EDITORIAL

Sustainable societies through cooperation

sustainable

Ranjan K Baruah
(With direct inputs from UN publication and feedback may be sent to bkranjan@gmail.com)

Team building or team work is a must to achieve our goals. There are many activities which cannot be performed well by any individual but the same can be done through a team or group. People come together and form association or societies to address certain issues to bring solution or change. One of the classic examples of this is none other than cooperatives. Well, we have to understand what a cooperative is and how it works and its power in the society or in bringing sustainable change.

A cooperative (also known as co-operative, co-op, or coop) is “an autonomous association of persons united voluntarily to meet their common economic, social, and cultural needs and aspirations through a jointly-owned and democratically-controlled enterprise”. It may include non-profit community organizations, businesses owned and managed by the people who use their services (a consumer cooperative), organisations managed by the people who work there (worker cooperatives), organisations managed by the people to whom they provide accommodation (housing cooperatives), etc.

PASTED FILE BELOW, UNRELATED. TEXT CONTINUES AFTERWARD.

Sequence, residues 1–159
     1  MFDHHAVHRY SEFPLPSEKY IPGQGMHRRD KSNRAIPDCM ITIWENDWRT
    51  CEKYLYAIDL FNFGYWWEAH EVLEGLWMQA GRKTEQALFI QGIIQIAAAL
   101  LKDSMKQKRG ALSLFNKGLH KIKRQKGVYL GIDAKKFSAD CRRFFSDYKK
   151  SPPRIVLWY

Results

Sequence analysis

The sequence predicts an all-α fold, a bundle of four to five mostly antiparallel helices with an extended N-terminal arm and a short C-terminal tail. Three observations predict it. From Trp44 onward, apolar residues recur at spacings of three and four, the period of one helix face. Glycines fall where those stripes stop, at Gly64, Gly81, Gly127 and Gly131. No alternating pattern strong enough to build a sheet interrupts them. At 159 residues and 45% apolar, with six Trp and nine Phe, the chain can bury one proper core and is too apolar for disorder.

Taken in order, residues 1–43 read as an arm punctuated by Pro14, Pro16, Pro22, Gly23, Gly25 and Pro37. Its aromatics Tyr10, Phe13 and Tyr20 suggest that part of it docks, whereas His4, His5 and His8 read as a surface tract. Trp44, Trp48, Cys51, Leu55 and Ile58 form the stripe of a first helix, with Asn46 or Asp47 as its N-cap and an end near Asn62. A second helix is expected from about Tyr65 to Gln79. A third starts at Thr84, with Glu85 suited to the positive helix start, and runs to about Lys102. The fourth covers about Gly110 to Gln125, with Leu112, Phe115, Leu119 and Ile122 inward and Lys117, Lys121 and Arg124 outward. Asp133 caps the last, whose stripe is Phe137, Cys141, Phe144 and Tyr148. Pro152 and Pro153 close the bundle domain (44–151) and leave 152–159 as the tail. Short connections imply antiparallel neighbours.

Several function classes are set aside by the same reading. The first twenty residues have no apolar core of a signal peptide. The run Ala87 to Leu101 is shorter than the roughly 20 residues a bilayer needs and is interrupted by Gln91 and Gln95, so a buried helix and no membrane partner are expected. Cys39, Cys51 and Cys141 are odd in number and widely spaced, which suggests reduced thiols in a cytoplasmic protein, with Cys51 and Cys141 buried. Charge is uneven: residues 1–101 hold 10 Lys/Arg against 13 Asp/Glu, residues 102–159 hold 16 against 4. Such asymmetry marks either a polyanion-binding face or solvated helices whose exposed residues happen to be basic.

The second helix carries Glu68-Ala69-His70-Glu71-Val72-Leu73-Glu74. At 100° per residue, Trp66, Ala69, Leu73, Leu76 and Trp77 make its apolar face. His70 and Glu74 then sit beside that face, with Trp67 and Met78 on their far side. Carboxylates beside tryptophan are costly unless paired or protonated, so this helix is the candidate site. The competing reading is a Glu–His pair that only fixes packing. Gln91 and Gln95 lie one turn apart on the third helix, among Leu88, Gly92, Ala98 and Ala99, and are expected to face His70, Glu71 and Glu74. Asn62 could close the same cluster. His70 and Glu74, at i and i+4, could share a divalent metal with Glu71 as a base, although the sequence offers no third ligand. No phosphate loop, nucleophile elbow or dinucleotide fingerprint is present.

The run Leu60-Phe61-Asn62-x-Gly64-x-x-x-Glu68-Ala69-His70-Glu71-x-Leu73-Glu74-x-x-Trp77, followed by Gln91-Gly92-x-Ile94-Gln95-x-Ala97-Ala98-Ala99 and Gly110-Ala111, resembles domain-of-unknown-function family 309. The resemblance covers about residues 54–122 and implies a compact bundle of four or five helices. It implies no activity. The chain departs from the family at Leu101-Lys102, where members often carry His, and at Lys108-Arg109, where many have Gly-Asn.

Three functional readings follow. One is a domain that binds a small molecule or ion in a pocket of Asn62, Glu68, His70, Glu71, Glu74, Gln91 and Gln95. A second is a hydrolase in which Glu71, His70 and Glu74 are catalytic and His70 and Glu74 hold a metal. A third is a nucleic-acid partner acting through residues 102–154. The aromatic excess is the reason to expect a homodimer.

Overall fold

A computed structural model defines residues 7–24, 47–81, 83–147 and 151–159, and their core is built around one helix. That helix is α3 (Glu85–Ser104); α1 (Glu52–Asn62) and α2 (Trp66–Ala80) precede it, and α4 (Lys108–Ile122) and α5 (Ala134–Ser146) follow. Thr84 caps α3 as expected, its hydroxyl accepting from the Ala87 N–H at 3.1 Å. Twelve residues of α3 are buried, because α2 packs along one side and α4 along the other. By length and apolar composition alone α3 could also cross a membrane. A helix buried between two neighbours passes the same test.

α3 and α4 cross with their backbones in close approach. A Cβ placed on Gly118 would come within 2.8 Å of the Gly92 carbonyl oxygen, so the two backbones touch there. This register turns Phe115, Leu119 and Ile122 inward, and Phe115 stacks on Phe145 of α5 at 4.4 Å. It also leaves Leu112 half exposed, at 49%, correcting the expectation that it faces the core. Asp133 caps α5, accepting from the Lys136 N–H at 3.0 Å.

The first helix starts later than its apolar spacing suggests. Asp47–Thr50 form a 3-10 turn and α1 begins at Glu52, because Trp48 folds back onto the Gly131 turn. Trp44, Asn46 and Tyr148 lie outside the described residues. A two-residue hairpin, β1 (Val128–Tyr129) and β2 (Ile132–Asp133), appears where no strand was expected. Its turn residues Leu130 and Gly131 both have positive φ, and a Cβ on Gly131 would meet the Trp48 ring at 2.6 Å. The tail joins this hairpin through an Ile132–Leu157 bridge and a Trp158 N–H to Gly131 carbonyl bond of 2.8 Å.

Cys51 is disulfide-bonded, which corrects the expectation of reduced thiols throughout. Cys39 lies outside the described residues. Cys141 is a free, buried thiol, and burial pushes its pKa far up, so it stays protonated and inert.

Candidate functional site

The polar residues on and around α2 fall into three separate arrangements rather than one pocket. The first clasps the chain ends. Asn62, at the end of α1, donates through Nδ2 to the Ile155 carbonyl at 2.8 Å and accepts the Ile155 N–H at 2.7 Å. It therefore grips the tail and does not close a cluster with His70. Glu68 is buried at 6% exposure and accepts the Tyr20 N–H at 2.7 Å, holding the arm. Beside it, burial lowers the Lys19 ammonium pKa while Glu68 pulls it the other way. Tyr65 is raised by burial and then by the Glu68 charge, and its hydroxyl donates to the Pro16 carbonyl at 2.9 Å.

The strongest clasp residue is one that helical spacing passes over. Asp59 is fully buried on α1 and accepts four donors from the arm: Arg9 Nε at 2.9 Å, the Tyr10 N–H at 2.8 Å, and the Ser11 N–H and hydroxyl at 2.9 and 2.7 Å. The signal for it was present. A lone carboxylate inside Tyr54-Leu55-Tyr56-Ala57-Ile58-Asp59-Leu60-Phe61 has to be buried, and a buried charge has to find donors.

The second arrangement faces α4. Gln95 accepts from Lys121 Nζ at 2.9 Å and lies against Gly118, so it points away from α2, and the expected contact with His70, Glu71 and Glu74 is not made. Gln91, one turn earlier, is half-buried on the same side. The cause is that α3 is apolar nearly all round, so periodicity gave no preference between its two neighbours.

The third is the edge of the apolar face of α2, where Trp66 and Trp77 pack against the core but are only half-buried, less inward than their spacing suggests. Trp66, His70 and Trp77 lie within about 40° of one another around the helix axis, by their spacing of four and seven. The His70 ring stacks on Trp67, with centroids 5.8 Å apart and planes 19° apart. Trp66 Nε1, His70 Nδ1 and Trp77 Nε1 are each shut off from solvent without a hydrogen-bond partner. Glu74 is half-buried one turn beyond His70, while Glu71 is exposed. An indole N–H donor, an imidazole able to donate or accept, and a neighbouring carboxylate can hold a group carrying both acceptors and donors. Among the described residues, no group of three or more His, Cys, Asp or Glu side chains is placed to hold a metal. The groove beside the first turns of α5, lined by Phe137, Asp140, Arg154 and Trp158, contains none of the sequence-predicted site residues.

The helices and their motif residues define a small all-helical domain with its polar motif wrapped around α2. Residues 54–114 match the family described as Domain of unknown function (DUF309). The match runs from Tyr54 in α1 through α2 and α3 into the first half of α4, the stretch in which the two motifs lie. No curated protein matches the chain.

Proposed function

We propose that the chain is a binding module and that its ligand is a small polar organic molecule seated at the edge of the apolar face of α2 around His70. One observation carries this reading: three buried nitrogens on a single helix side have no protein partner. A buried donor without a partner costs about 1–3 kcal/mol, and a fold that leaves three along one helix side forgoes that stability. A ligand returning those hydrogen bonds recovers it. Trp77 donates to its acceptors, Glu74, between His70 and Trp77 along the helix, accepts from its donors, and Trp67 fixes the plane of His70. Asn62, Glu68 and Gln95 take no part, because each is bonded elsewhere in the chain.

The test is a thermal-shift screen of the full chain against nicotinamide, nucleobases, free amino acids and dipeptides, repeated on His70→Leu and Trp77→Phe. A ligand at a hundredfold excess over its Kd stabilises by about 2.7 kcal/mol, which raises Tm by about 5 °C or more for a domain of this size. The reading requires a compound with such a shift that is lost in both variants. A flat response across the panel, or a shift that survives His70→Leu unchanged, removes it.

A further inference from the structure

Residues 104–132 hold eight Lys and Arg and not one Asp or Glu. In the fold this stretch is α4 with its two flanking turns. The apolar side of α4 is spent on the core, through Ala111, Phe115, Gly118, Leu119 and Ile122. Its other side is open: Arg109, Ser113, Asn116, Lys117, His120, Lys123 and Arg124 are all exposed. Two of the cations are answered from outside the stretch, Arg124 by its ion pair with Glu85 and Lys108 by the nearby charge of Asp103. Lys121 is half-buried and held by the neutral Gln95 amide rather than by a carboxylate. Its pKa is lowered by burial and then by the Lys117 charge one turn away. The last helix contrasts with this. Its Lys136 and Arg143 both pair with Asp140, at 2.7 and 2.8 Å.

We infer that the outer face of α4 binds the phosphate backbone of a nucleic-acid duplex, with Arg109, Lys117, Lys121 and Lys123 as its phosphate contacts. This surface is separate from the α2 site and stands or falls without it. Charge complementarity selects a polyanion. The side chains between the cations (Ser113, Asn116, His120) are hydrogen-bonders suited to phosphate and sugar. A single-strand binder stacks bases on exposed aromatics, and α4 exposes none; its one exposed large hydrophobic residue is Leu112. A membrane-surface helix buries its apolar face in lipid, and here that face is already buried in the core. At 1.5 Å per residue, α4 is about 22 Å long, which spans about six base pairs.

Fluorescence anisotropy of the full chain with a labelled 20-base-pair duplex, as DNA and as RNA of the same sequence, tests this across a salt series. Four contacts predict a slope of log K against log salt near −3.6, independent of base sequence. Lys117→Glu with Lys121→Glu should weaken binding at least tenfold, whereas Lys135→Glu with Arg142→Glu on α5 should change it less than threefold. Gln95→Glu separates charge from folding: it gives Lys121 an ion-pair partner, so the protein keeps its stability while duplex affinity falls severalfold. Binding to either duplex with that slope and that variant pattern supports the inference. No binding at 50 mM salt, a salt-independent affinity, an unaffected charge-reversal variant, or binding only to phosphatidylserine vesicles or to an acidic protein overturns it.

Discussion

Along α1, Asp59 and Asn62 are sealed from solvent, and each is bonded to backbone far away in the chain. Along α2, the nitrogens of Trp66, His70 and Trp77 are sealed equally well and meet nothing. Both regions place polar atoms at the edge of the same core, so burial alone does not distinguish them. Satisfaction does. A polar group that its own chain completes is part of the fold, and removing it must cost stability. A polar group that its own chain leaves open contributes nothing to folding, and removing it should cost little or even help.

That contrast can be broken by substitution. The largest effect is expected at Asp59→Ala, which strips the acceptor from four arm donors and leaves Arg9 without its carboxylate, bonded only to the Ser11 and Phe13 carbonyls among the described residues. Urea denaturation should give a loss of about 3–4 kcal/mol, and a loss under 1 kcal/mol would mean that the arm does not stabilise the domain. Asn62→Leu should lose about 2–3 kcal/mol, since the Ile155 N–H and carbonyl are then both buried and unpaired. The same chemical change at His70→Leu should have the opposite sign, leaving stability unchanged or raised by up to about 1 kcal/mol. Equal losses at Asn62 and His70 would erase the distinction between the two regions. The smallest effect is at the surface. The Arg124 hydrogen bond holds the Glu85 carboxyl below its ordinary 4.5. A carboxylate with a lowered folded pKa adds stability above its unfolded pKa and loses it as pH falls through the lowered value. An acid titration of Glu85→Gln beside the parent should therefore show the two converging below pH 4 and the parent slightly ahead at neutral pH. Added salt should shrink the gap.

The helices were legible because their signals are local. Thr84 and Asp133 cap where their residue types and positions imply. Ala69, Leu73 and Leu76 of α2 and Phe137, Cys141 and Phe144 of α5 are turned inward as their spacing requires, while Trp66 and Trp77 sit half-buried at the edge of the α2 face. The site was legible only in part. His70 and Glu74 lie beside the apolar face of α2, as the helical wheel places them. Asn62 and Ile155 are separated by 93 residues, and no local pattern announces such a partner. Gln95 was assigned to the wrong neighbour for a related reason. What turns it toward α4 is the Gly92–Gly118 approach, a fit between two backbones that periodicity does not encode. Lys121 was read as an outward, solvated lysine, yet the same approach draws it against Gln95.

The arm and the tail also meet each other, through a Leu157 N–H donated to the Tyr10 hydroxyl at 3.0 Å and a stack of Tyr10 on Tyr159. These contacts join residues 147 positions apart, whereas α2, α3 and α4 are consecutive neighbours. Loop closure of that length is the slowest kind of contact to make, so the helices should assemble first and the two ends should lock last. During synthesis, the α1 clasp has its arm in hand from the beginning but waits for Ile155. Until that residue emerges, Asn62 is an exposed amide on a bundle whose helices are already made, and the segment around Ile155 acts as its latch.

The co-operative principles are guidelines by which co-operatives put their values into practice and includes Voluntary and Open Membership, Democratic Member Control, Member Economic Participation, Autonomy and Independence, Education, Training and Information, Co-operation among Co-operatives and Concern for Community.

The co-operative movement has been also recognized as a distinct and major stakeholder in both national and international affairs. Co-operatives’ open membership model affords access to wealth creation and poverty elimination. Co-operatives also foster external equality as they are community-based; they are committed to the sustainable development of their communities – environmentally, socially and economically. The cooperative movement is highly democratic, locally autonomous, but internationally integrated, and a form of organization of associations and enterprises whereby citizens themselves rely on self-help and their own responsibility to meet goals that include not only economic, but also social and environmental objectives, such as overcoming poverty, securing productive employment and encouraging social integration.

The earliest record of a co-operative comes from Fenwick, Scotland where, in March 14, 1761, in a barely furnished cottage local weavers manhandled a sack of oatmeal into John Walker’s whitewashed front room and began selling the contents at a discount, forming the Fenwick Weavers’ Society.